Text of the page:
"We have been discussing a number of issues with Nokia for some time, including the fact that we have essential GSM patents for which Nokia is not licensed, and we are disappointed that this has resulted in litigation," said Louis Lupin, Qualcomm's general counsel. "Until recently, we had been led to believe that these issues might be resolved cooperatively and amicably. However, it now appears that a cooperative resolution of these issues is quite unlikely and we must move forward with the litigation in order to protect our rights and to get these issues resolved," he added.

In short, Qualcomm is calling for the Finnish mobile-phone group to stop selling certain models in the United States. In addition, the company is demanding financial compensation from Nokia to make up for the lost market share. The company has filed its case with the U.S. District Court in San Diego. Moreover, it has hinted that it might file a similar case against other companies including Ericsson.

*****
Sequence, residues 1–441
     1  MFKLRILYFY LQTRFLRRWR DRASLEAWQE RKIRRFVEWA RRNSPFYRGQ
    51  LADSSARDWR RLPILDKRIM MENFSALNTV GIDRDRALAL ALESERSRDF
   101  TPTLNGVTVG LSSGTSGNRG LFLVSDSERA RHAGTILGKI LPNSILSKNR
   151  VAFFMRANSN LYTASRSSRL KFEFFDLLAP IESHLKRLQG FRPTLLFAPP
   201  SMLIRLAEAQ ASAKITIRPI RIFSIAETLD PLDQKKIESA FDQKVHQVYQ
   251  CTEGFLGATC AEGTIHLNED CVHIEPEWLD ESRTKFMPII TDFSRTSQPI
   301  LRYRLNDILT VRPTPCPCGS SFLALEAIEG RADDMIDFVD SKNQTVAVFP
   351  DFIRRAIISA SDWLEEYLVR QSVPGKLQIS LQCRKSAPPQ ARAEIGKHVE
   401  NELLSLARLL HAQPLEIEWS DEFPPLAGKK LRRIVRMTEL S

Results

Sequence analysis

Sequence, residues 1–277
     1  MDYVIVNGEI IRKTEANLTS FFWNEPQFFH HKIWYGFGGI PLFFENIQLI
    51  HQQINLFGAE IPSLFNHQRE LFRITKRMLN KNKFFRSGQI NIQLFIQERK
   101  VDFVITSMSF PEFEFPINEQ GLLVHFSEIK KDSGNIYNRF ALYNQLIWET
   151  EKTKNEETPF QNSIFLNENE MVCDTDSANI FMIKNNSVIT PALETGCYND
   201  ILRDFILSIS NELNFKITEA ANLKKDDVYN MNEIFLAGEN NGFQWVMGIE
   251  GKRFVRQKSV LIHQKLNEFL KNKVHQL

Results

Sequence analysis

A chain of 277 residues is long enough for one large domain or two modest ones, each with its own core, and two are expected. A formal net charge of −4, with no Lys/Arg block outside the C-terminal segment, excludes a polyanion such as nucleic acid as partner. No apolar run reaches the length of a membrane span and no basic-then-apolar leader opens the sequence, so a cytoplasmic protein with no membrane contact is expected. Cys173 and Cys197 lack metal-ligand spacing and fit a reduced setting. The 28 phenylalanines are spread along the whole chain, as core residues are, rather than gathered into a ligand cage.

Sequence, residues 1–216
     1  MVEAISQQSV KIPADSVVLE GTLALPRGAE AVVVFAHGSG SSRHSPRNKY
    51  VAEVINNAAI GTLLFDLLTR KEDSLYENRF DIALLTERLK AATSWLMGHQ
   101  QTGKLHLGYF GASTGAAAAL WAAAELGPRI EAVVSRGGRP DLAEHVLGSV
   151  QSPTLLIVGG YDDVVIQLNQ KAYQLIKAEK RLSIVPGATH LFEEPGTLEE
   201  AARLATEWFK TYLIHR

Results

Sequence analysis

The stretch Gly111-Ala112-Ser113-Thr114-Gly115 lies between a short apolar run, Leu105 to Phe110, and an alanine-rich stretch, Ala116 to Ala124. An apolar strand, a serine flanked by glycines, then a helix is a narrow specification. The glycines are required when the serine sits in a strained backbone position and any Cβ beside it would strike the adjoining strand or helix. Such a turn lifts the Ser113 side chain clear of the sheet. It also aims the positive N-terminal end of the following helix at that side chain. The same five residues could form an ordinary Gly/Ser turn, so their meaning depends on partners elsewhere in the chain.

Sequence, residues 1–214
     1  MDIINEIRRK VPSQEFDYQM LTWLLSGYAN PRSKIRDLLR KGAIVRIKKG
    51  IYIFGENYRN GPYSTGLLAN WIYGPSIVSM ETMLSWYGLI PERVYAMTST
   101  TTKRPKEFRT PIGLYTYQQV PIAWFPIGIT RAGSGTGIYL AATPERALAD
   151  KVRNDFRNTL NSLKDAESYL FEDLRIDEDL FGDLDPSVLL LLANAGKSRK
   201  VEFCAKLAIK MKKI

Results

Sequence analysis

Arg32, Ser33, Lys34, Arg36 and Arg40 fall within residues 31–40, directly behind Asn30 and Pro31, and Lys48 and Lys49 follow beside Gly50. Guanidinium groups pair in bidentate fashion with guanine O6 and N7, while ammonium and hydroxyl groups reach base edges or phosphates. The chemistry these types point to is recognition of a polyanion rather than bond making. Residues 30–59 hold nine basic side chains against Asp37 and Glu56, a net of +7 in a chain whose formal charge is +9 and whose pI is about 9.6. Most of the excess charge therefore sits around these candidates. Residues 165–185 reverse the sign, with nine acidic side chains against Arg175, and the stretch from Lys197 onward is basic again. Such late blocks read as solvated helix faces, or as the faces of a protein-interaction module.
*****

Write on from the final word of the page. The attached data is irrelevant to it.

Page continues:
For its part, Nokia stated that is was "disappointed Qualcomm has taken this step given they have yet to engage in any licensing negotiations concerning these matters," adding that "Qualcomm has a duty to license those patents has a duty to license those patents on fair, reasonable, and non-discriminatory terms."

Whether or not Qualcomm proves itself innocent in the charges that were filed with the European Union, or whether it wins or not against Nokia, analysts broadly agree that the ongoing legal spat will not lead to lower cell-phone prices or benefit consumers in a noticeable way any time soon.

Attorney Sunstein acknowledged that there may well be a need for Qualcomm to "readjust the royalties and what it charges people for innovation." But he pointed out that all parties involved needed each other; Qualcomm as the innovator, and Nokia and others as manufacturers of the products that uses Qualcomm's technologies. All the companies "need each other, and market forces require them to adjust prices ... that make it realistic in the marketplace," Sunstein said, adding that "this is just a very public negotiation that usually takes place behind closed doors. That's all."

Copyright 2005 by United Press International